Wednesday, September 12, 2007
A new millennium in Ethiopia
It is a strange experience to go back in time to relive a historic event, but here in Addis Ababa I’ve done just that.

It’s been seven years and nine months after most of us saw in the new millennium, but in Ethiopia it has just begun. With a number of official events, including a performance by the Black Eyed Peas, people have been partying like it really was 1999. This shift in time is because Ethiopia uses the Julian calendar that was given up by the rest of the world centuries ago.

I am in Ethiopia filming for the CNN program Revealed, profiling the great long distance and marathon runner Haile Gebrselassie, and by coincidence here at this momentous occasion. Haile is a wonderful man and Ethiopian hero. Not wanting us to be left out he invited us to his house with his family to enjoy a traditional New Year’s Eve. There was dancing and singing around a bonfire. We feasted on roasted goat, which we had only admired in his garden just two days before.

The last time I celebrated the millennium was with CNN filming from a cliff top in the Chatham Island in New Zealand. The first inhabited place to see the first dawn of the New Millennium. One thing I haven’t heard about this time has been the Y2K bug. The Ethiopians have had seven years to find out if computers and financial markets aren’t sent into turmoil at the stroke of midnight.

Ethiopia has made a big deal of this strange shift in time, with banners and festive lights throughout the capital. Security has been a big issue with armed security forces patrolling the city and some events cancelled. The producer, Rosie Tomkins, and I were stopped twice and searched at armed check-points driving on our way to an open air concert later in the evening. There was lots of traditional music and dance, and the audience were in a great party mood dancing into the very early hours.

It has been a very memorable experience.

Happy New Millennium from Addis Ababa.

-- From Neil Bennett, CNN International Photographer, in Addis Ababa.
Neil:
I am curious why Ethiopia still uses the Julian calendar? It was a European timeline. Does it have something to do with local orthodox churches which settled in Ethiopia in the past?
Just a little quote that partly answers Sharon's question about the Julian calendar:

"Ethiopia uses a variety of the Julian calendar, rather than the Gregorian calendar which is used in the west and has become the standard for international dates. Time-wise, Ethiopia uses the "equatorial" or "12-hour" method to calculate times.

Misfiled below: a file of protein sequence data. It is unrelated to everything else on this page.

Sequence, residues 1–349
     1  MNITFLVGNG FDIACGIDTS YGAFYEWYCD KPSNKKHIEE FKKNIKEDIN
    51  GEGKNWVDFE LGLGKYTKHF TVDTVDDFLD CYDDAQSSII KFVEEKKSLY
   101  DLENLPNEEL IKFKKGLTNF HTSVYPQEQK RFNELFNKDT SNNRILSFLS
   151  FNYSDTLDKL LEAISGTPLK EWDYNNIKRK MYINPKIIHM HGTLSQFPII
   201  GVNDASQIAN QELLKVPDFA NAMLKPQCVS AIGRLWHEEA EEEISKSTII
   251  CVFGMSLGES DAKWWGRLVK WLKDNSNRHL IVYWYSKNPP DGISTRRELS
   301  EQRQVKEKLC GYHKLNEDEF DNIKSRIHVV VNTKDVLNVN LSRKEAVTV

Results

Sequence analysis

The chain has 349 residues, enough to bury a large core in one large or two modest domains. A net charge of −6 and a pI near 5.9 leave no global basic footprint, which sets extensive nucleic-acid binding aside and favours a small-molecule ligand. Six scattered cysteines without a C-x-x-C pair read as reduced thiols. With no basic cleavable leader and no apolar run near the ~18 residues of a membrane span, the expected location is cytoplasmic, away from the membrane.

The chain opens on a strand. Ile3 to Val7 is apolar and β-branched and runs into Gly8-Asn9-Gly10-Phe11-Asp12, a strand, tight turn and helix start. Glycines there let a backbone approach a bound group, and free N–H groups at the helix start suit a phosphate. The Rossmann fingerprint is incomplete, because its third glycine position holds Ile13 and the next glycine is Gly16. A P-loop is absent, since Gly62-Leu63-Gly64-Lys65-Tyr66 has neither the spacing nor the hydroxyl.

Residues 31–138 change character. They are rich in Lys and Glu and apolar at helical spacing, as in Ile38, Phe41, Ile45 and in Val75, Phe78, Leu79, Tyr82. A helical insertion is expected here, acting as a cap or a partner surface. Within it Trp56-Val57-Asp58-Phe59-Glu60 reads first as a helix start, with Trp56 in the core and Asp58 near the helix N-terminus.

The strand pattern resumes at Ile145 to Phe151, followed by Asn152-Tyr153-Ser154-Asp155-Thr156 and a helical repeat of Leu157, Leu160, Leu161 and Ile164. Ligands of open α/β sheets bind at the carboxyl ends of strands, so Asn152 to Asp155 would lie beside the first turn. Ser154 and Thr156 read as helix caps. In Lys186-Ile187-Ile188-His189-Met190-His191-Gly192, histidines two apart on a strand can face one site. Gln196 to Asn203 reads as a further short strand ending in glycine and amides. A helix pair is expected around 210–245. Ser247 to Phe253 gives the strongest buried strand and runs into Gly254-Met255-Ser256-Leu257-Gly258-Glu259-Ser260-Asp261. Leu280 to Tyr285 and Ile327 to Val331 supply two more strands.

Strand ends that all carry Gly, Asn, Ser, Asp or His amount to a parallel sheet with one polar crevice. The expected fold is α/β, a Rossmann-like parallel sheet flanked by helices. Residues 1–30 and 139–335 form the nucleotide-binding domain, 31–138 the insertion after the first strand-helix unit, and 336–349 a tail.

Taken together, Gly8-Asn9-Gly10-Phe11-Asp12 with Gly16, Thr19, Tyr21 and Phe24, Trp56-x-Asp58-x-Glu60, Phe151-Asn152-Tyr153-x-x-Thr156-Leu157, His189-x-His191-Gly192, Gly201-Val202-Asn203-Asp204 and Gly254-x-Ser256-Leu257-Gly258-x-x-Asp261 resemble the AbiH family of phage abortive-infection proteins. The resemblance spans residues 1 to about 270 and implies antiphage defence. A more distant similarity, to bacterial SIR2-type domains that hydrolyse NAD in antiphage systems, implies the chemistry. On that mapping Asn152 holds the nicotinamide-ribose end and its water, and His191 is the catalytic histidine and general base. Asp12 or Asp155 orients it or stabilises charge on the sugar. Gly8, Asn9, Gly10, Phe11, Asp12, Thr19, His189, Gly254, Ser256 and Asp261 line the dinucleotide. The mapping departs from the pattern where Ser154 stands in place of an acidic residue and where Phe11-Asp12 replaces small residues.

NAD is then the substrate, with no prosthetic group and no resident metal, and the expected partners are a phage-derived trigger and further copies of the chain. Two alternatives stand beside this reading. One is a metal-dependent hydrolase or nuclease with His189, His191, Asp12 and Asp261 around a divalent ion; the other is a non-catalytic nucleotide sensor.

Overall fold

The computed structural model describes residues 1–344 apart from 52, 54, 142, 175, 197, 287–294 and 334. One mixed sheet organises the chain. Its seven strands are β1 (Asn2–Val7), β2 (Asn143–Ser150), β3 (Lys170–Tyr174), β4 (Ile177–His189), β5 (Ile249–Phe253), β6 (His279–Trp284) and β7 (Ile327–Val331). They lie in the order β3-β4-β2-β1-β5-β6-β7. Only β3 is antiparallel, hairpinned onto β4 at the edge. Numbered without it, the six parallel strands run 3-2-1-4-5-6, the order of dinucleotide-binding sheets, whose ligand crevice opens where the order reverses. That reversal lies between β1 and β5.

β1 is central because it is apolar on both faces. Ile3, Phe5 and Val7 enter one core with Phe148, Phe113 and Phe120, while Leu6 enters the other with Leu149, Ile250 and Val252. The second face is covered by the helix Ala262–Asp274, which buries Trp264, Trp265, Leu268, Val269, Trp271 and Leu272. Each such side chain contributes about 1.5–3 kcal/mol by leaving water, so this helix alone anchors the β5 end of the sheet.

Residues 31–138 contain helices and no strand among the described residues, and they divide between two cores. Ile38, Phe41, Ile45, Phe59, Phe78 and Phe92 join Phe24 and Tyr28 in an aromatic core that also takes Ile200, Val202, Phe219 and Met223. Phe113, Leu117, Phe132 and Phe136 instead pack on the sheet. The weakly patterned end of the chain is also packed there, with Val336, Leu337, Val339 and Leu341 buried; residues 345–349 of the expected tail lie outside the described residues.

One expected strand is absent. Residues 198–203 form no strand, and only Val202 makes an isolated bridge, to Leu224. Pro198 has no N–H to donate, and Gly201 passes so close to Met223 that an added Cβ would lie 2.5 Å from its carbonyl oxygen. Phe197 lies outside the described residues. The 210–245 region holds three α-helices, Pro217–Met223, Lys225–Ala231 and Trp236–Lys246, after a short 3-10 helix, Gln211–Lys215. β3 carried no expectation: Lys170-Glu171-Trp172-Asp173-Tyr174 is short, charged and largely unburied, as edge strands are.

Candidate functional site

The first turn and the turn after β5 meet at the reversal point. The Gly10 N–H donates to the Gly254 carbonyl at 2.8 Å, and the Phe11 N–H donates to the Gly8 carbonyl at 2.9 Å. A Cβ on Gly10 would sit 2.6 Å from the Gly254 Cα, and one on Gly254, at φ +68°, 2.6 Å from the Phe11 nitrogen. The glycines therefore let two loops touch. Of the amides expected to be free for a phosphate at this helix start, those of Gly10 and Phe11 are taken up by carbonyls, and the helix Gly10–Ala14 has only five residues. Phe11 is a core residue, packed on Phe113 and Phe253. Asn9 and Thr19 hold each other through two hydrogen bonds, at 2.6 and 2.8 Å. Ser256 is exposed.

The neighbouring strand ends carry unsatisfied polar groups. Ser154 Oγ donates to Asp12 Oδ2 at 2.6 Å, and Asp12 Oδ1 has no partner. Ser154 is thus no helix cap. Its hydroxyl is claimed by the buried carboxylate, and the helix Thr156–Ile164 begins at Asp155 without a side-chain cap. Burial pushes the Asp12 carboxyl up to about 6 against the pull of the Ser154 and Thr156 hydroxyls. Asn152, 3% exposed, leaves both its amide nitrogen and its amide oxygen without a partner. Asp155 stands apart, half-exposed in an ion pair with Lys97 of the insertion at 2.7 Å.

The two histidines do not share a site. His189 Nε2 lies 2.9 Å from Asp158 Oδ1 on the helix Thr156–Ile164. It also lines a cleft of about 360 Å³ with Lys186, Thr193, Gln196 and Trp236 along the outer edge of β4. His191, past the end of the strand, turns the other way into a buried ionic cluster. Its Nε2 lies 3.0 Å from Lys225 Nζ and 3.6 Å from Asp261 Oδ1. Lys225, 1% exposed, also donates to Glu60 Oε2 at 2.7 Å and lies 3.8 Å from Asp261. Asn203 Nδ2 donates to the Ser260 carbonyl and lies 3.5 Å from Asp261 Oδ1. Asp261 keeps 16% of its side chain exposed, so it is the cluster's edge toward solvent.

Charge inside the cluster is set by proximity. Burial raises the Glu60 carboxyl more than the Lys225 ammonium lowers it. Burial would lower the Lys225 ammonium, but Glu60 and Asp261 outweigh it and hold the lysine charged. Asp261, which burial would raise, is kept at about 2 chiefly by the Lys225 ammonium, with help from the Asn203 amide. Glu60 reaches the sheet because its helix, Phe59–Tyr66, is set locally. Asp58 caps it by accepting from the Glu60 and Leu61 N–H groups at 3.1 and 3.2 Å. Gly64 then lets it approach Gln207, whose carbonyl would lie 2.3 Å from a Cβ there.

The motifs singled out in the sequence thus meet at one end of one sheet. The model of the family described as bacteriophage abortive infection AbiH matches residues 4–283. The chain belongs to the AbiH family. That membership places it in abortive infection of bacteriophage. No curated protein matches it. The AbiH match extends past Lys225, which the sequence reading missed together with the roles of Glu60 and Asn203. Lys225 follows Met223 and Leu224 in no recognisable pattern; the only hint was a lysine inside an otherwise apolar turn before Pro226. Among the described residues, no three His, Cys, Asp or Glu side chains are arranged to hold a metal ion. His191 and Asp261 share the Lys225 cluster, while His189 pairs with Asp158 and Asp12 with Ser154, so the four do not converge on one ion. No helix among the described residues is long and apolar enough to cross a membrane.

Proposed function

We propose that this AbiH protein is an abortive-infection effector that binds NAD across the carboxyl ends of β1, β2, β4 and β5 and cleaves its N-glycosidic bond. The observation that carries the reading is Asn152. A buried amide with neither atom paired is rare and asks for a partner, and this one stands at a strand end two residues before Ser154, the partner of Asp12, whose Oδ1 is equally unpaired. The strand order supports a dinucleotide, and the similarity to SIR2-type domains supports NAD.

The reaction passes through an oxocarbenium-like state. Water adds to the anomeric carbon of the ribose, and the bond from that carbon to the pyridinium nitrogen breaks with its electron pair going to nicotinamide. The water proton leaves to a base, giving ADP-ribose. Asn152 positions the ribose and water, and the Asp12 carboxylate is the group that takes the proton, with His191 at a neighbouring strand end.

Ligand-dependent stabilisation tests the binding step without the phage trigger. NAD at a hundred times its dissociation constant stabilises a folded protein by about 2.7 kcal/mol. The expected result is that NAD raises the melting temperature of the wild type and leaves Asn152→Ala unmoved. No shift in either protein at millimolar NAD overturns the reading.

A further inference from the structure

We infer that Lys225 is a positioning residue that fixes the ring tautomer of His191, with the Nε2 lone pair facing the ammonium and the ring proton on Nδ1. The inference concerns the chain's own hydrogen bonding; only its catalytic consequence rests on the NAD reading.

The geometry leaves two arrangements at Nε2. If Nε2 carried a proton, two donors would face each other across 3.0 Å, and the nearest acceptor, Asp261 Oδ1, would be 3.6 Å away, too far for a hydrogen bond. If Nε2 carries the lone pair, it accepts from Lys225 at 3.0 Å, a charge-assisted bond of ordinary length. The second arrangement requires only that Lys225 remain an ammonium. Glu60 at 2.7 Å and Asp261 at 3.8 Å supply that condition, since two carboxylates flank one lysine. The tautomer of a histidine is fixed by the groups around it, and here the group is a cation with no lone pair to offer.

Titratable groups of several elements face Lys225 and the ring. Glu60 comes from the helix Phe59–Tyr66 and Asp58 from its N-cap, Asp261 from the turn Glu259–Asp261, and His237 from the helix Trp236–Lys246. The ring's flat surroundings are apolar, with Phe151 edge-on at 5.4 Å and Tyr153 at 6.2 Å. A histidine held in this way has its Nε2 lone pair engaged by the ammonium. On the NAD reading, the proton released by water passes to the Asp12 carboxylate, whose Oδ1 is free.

The Etiopian calendar is a variation of the system introduced by the Roman emperor Julius Ceasar in 45 BC. The Julian calendar was used in Europe until Pope Gregory ordered a reform in 1582. This resulted in a new calendar system, known as the Gregorian calendar, which we still use today.

The use of this calendar is related to Ethiopia's main religions, the Coptic Church and the Ethiopian Orthodox Tewahido Church. In this calendar, the year is divided into 12 months of 30 days each, plus a thirteenth month of 5 days. During leap years, this last month gets one extra day.

Other than the Islamic calendar, the dates of the Ethiopian calendar do not shift annually in respect to the Gregorian calendar. The beginning of every Ethiopian month has a fixed equivalent in the Gregorian calendar." (from triotours.com)
Neil:

To the blog author from South Africa.

Thank you for the thorough explanation of the different calendar years in Africa. I appreciated it.

So, Neil, how was New Years?

Sharon D.
USA
Although it is true that the Ethiopian Calendar is synchronized to the Julian calendar, that does not account for the difference in the year. The Julian calendar is currently only 14 days behind the Gregorian Calendar.

The reason why the Ethiopian Calendar is 8 years behind is they have based their date of the birth of Christ on the calculations of Annianus of Alexandria, rather than the calculations of Dionysius Exiguus, which the Gregorian calendar is based on.
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